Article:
“You’re not going to chicken out on me, are you, Miz Jansen?”

“I’m just… a housewife!”

“Right now you’re a sassy thirty-nine-year-old woman,” he bellowed, “with a big country boy strapped to your back.”

“I’ve got three kids—”

“Congratulations. You must be a heck of an athlete, keeping those abs of yours.”

“—I’ve got responsibilities.” She couldn’t breathe, and all the yelling hurt her throat. “I’ve got obligations. But Rachel died—she’s dead.

Rachel, Rachel, why did you ask me to do this?

“Hey,” the pilot barked. “We’re over the drop zone! Get out!”

“Miz Jansen, you’ve got to make a decision now.”

“Rachel… Rachel died,” Kate stuttered, her whole body shaking. “That letter should have had instructions for her funeral. Dirty songs to sing over her grave. Not… not this.

Bubba yelled, “You opting out?”

“Yes!”

“You sure?”

“Yes!!”

Bubba sighed. She rose and fell upon the weight of it.

“Okay,” he said. “We’re done.”

Kate stilled. She kept her grip on the molding, slippery now with sweat. She heard her breathing, felt the slight banking of the plane. “Really?”

“Oh, yeah. Really.” Bubba worked the hooks. He spoke close to her ear so he could make himself heard without yelling. “You think you’re the first to give up, honey? Hell, no. Happens all the time.” He slipped the first hook free. “ ’Specially with women like you. The ones staring down the barrel at their fortieth birthdays. Think they’re going to hurl themselves out of airplanes to resurrect their wild youth. Never happens.”

“I’ve got… three kids.”

“So you said. It’s too bad you didn’t go. They’d never look at you in quite the same way.”

“Better that I’m around to see them,” she retorted. She straightened up, away from the cutting rumble of his voice. “Better I’m alive on the ground—”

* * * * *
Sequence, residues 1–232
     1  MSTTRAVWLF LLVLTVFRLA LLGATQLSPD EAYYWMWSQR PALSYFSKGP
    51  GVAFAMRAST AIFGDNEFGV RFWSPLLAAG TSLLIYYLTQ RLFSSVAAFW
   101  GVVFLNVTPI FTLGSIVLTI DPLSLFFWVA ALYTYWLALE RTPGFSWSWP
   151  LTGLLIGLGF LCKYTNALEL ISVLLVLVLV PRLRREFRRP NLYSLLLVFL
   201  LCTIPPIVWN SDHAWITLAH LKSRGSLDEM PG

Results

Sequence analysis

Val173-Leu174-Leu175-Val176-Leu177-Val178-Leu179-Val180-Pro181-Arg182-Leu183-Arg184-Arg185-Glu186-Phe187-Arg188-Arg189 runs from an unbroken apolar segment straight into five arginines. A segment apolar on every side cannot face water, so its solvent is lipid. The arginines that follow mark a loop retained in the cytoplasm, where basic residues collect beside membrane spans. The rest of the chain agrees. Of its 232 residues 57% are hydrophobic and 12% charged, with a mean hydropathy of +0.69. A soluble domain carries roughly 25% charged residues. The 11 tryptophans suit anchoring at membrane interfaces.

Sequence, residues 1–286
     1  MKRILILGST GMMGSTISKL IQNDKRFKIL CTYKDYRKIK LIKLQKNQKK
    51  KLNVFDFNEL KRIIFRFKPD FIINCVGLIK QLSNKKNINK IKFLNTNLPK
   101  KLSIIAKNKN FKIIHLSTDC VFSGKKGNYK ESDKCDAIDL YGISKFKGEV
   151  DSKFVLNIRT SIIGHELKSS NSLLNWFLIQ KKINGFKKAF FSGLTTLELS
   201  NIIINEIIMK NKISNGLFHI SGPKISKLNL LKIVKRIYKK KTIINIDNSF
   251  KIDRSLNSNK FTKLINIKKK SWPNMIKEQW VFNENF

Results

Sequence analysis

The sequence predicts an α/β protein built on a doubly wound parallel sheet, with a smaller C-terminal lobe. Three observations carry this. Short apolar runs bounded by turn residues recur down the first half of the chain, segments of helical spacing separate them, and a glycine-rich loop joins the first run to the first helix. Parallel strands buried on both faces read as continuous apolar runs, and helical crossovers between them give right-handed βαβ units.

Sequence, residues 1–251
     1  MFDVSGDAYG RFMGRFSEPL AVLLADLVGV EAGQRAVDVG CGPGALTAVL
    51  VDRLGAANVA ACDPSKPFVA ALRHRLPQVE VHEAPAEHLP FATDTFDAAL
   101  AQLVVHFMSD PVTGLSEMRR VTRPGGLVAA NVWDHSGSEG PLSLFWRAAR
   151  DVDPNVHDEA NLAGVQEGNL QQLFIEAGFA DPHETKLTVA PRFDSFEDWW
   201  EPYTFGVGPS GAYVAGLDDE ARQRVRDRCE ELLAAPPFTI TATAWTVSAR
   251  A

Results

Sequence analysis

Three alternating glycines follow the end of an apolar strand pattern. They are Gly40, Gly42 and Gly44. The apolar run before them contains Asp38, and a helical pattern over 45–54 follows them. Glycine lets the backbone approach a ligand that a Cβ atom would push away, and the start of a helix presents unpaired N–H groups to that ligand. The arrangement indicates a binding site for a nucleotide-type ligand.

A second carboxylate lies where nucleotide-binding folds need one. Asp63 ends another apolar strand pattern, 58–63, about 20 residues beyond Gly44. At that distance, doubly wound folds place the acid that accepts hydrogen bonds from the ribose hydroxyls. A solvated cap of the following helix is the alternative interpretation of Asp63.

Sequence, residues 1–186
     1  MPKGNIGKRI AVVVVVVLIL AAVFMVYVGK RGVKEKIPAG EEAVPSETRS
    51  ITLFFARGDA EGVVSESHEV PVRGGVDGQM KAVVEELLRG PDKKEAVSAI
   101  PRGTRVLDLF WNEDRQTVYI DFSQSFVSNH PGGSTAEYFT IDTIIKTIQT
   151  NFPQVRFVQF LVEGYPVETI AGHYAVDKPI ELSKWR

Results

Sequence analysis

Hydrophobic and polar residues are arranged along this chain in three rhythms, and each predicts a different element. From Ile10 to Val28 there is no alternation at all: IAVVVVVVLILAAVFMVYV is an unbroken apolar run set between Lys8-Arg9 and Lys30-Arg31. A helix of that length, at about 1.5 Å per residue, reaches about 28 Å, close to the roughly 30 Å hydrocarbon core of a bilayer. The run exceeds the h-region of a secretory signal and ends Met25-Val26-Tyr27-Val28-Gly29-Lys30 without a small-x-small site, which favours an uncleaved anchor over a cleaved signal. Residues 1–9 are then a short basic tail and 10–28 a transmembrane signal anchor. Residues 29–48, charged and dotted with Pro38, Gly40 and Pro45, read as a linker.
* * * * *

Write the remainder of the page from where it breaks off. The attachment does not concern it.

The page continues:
“Oh, sure,” he said. “Then you can go back to your soccer carpool. Flip out your foldable chair. Over a fancy coffee, tell those other moms all about how you almost jumped out of an airplane.”

Hell, yes.

“And when you’re done, you can go home and dust the moldings, maybe scrub a toilet. Figure out how you’re going to cook chicken for dinner. Schedule a tune-up for your second car. Maybe slip in a load of laundry before bedtime. After all, you have to get that stain out of Junior’s soccer pants. I hear Tide with bleach is the thing.”

Stop.

She didn’t need to hear it. She saw it, as clearly as she saw long wisps of clouds through the window. Oh, yes, the unfurling of the long years, marked by yet another beach-house vacation and another project involving toothpicks and toilet-paper rolls, another concert with the grammar-school band screeching “Hot Cross Buns.” Smiling all through it. Yes, this was fun; yes, this is the life; yes, we’re a hundred thousand times blessed. Year upon year passes in clockwork predictability, and the only things that change are the height of her kids, the baldness of her husband, and the width of her ass.

“Listen, asshole,” she yelled over her shoulder, “stop the reverse-psych crap. Sure, I’m a housewife, but it’s a hell of a better way to spend my time than chilling in a morgue.”

“Like Rachel?”

Bubba yanked another hook free. He might as well have jerked it from her flesh. It left her speechless. Aghast. Grasping for words.

Failing to find them.

Then he pushed against her, sensing her vulnerability. He pressed his stubbled cheek against her hair. “What do you think your friend would give, Kate, for a chance to be up here again?”

Kate knew the answer. Rachel had lived for moments like this, made huge sacrifices for the adrenaline rush. Sacrifices Kate hadn’t always agreed with.

But all that was over. All possibilities, for better or worse, were gone forever.

The pilot yelled, “Last chance, Bubba.”

Last chance.

The plane dipped. The wind battered the jumpsuit against her legs. Kate Jansen glared out at those blue skies, at the ground so very far below. She glared up at the heavens. Didn’t know whether to curse Bubba or Rachel or her wretched self for the foolishness she was about to attempt.

Bubba spoke, one last time.

“What’ll it be… wifey?”



Continues...

Excerpted from The Proper Care and Maintenance of Friendship by Verge Higgins, Lisa Copyright © 2011 by Verge Higgins, Lisa. Excerpted by permission.
All rights reserved. No part of this excerpt may be reproduced or reprinted without permission in writing from the publisher.
Excerpts are provided by Dial-A-Book Inc. solely for the personal use of visitors to this web site.